Unless you’re from Thailand, you’re probably unaware of the many benefits of Thai soups. In fact, I’m going to guess you can only name, at most, two Thai soups – tom yum (a hot and sour soup) and tom kha gai (a coconut chicken soup with galangal).
Am I right?
These are the only Thai soups I could name myself until a recent trip to Thailand exposed me to its incredible diversity of traditional soups. Unlike in America, soups are an everyday part of Thai cuisine. They’re a part of the iconic street food culture, bustling markets and even monasteries. Everywhere you go you’ll find big simmering cauldrons of broth and soups with all sorts of colors, aromas, herbs and spices.
As a soup fanatic, let me tell you I was like a kid in a candy store. Oh how I love love LOVE the salty, sour, sweet and spicy soups of southeast Asia!
Man I could slurp on ‘em ALL DAY LONG.
Now I’m also a Nutritional Therapy Practitioner and so I was equally fascinated by the many health benefits of these soups. I started realizing that Thai soups could offer a lot of help to people back home in America suffering with digestive issues. It actually inspired me to write a book about Thai soups called The Thai Soup Secret. I wanted to show my fellow Americans that there’s a lot more Thai soups than just tom yum and tom kha gai.
So today, I’m going to share three of the six secrets from my book. These are some little known benefits of Thai soups to inspire you to start making them yourself. And I’ve already told you the first one!
1 – Many Thai soups are good for your gut
If you read Tamara and Kelly’s blog regularly, you know that essential oils come from plants and have powerful aromatic compounds with many health benefits.
Well, soups are a wonderful medium for administering the healing power of medicinal plants, including their oils. As they simmer in broth, they release their oils, nutrients and phytochemicals, diffusing their aromas and wonderful flavors which make them so enticing to the nose and tongue.
Most Thai soups are infused with the aromatic oils of traditional Thai herbs which give them their quintessential Thai aromas and flavors. Three of the most common ones are lemongrass, galangal and kaffir lime leaves, which you can easily find in any Asian food store (if you don’t have an Asian food store near you, www.importfood.com is a great place to order good quality, fresh Thai produce online.) They’re also highly valued by the Thai people for their many health benefits including common digestive issues.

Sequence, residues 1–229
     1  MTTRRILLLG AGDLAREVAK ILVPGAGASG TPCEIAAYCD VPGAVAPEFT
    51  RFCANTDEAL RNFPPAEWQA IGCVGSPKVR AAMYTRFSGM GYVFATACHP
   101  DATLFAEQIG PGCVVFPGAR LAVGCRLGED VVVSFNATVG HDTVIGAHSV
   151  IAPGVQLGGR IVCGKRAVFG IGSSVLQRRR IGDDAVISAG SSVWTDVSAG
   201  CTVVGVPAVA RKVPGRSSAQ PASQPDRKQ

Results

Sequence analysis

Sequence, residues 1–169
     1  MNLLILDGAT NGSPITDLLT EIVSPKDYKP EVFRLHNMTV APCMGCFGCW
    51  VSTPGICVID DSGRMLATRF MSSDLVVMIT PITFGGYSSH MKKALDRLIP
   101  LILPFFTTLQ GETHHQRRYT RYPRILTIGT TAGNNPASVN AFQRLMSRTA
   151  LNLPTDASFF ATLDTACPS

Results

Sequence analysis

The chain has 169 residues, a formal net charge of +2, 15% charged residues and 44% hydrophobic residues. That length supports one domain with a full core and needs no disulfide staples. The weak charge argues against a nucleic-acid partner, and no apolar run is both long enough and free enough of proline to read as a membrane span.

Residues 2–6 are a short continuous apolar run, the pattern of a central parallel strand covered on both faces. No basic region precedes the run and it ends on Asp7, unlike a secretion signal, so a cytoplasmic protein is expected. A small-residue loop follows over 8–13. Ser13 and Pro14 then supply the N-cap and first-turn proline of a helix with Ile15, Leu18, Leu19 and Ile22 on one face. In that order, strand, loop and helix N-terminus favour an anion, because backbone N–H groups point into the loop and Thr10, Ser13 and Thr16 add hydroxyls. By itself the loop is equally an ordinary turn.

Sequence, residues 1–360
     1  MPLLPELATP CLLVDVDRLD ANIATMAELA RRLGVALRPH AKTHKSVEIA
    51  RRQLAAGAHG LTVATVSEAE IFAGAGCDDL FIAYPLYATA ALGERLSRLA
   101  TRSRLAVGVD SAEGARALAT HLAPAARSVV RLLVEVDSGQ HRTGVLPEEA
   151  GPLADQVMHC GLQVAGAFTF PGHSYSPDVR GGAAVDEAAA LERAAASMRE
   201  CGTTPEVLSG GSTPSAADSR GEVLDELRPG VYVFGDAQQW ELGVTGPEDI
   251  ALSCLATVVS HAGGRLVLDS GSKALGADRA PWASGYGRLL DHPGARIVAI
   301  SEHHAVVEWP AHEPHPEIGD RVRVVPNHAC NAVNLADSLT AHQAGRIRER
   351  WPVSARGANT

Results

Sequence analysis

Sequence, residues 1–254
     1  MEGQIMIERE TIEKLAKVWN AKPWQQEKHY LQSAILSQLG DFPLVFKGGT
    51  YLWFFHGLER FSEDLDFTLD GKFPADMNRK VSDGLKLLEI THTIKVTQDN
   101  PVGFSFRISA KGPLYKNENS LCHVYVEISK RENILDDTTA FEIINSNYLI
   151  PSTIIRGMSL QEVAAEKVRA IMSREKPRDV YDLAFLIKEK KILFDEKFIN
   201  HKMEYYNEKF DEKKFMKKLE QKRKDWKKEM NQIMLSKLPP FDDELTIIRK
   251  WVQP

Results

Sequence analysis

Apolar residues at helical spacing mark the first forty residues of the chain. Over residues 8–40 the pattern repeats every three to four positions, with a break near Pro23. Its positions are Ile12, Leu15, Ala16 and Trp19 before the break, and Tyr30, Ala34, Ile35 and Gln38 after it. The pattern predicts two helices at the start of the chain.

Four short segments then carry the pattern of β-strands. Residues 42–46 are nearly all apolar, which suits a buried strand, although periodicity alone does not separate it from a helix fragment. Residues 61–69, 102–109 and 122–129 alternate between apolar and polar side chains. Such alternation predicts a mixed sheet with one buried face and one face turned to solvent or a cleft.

Many of these benefits aren’t just anecdotal either. Scientific studies have shown lemongrass is effective for fighting stomach infections including H. pylori (source), has potent antimicrobial effects (source), has potent antifungal effects (source), and can help fight Candida (source).
Multiple clinical scientific studies also confirm galangal and kaffir lime leaves’ anti-microbial and anti-fugnal effects (source, source, source).
Beyond the aromatic herbs, a few other reasons Thai soups are so good for gut health is that many are naturally gluten and dairy-free and many are broth-based. Tamara and Kelly have written extensively about the benefits of bone broths so I won’t go into detail about that but what I will mention is that Thai bone broths are a little different than the bone broths we typically make in the West. And this can be a huge benefit it you’re not a fan of simmering broths for hours on end on your stove top.
2 – Thai broths are simmered for very short periods
In traditional food circles in the West, it is often recommended to simmer bone broths for very long time periods. Long simmer times helps to leach more nutrients from the bones and results in a more nutrient-dense broth. Interestingly, this is not how it’s done in Thailand.
A typical simmer time in Thailand is between 1-4 hours with most tending towards the shorter end of that spectrum. This short simmer time results in a fairly light and often times a clear broth.
This also means that most Thai broths are NOT gelatinous. While gelatin-rich broths are a good source of many gut-healing amino acids like proline, glycine and glutamine, this doesn’t mean there isn’t a place for shorter cooked and lighter broths.
In fact, sometimes lighter broths are easier on the body’s digestive system. Although it won’t be as nutrient dense as a gelatinous broth, many of those nutrients can be replaced and enhanced from other ingredients in both the broth and the soup itself such as herbs, spices, meats and vegetables.